By Betsy Cross Thorpe

“Kindred sprits are not so scarce as I used to think.” Lucy Maud Montgomery

Lucas G. Dawson Sr. Born 1843, Died 1916


It is written that “within scientific disciplines, discovery is the observation of new facts which explain knowledge gathered through previously acquired scientific evidence.” I don’t know if genealogy is considered one of the scientific disciplines, but I do know that myself and many other genealogists employ the use of the scientific method to trace our family roots.

 Question, Research, Hypothesize, Test, Analyze, Conclude. Those are steps we take to find our ancestors and populate our family tree.

 The acquisition of the new set of facts that led to my newest genealogical favorite discovery arrived on August 9, 2018, in a private message sent to the Ancestry.com account I share with my Aunt Gerry Roe.

  The message read in part; Ms. Thorpe, several of the DNA matches of the tests you administered are matches with me…………. I’m confident that we are all likely third or fourth cousins. I have been reviewing each tree for the common person. I believe it to be Lucas Dawson. He lived in Feliciana Louisiana, reasonably close to southern Mississippi….…… My great great grandmother is listed as Marian Cage, mulatto, age 22 in the 1870 census. She had twins with the last name of Dawson, one of whom was my great grandfather. I believe Luke to have been their father……….

My first scan of that message was immediately followed by a more thoughtful read and I knew immediately that my newly discovered relative had done his research. Unexpectedly Lucas Dawson became a person of significance to me.  Moments prior he had just been a name I was vaguely familiar with, one of eight great great grandfathers, an unexplored branch on my family tree.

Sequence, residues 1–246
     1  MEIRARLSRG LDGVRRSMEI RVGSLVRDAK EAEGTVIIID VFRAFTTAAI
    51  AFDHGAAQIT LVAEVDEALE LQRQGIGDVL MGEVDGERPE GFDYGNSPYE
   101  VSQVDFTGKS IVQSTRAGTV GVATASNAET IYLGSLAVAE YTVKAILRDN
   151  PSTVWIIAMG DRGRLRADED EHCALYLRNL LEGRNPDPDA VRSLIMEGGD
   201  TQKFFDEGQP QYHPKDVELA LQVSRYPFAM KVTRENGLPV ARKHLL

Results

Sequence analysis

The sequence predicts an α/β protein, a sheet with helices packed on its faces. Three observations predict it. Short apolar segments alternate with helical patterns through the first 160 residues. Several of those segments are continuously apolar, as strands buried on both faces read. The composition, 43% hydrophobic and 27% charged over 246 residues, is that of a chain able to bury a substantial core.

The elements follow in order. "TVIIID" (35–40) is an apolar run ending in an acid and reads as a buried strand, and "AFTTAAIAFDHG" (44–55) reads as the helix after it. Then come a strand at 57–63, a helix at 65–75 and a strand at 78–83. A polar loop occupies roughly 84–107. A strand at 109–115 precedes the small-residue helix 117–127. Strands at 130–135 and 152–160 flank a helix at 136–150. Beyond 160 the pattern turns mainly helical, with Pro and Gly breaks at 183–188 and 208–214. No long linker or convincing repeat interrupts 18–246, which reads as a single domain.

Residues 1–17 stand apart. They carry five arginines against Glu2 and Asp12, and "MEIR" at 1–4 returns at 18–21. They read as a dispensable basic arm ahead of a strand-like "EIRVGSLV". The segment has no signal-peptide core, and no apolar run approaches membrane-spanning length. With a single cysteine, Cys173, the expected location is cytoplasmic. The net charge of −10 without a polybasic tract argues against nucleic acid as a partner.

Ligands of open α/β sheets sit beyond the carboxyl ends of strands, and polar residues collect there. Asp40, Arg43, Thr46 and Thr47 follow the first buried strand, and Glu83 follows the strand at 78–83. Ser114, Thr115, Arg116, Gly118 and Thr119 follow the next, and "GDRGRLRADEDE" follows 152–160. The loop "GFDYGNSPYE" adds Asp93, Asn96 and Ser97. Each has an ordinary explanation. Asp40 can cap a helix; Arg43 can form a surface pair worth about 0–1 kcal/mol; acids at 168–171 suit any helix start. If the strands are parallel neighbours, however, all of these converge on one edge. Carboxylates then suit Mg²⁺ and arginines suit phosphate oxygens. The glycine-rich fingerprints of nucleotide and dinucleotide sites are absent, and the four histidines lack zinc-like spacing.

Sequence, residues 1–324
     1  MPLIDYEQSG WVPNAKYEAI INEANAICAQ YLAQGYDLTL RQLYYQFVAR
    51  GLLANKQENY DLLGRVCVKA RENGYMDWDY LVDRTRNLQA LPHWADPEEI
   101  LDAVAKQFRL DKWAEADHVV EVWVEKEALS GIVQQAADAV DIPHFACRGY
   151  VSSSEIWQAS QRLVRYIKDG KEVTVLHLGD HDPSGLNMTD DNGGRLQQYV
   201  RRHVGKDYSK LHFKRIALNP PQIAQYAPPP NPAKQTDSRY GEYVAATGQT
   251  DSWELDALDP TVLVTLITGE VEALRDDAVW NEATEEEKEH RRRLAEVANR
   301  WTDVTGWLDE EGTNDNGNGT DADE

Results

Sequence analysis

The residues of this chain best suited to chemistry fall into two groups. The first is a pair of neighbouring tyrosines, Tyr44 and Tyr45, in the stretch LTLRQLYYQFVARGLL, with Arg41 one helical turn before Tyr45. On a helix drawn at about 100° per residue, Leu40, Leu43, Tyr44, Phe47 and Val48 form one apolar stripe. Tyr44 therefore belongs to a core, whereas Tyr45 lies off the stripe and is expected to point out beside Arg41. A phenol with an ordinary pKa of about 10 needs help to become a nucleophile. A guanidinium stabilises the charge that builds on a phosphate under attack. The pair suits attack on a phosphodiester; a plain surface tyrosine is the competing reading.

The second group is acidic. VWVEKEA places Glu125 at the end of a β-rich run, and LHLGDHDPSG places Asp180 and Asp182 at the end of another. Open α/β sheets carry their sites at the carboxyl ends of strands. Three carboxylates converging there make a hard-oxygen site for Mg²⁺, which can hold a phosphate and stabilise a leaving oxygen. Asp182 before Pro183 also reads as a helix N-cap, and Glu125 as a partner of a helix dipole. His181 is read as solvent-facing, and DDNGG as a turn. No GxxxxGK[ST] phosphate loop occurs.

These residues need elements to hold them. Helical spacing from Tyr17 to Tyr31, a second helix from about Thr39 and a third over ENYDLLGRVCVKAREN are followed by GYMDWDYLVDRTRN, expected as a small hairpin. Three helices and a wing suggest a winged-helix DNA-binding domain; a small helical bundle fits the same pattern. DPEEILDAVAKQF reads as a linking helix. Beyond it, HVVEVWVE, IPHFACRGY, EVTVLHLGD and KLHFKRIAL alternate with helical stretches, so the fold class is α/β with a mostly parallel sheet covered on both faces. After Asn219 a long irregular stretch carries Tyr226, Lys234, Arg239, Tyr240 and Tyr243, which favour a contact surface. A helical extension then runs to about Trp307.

But it became clear that I was about to discover his story.

My aunt and I joined forces with the writer of that message and together we soon discovered many meaningful facts about our mutual ancestor. 

Our “Granddaddy Lucas” was one of the more than three hundred thousand young southern soldier boys who enlisted in the Confederate States Army to fight in the American Civil War.  Captured in the Battle of Nashville on December 16, 1864, held at Camp Chase in Ohio, released from the Point Lookout prisoner of war camp in Maryland in February of 1865. He was one of the first of 24,000 southern prisoners set free at Aikin’s Landing Virginia. He was part of the largest prisoner exchange agreement of the war.

 After Lucas arrived back home to Louisiana, he fathered twins with Marion Cage shortly before he married my great great grandmother Ann Hazelton Booker.

Father to my great grandmother Ary Dawson Roe, grandfather to my grandfather Henry David Roe, great grandfather to my mother Nannie Elizabeth Roe Cross. His line continues down through the generations on both the Marian Cage and  the Ann  Booker branches of his family tree.

As interesting and as valuable as all that information is to me, I have to say that finding Lucas was not my most favorite discovery.

 Speaking for both my aunt and myself I must state that getting to know the person who led the way to uncovering the story of Lucas is our favorite genealogical discovery.  For when we got the chance to meet our “new” cousin in person, we discovered we shared a deep familial bond. But even more consequential than  our family connection We discovered something else. We discovered we shared characteristics both unique and precious.

 We discovered in him  a Kindred Spirit.

By Betsy Thorpe

For 52 ancestors in 52 weeks. From prompt for week of February 11-February 17 Favorite Discovery

#52Ancestors #52Ancestorsin52Weeks #52ancestorsFavoriteDiscovery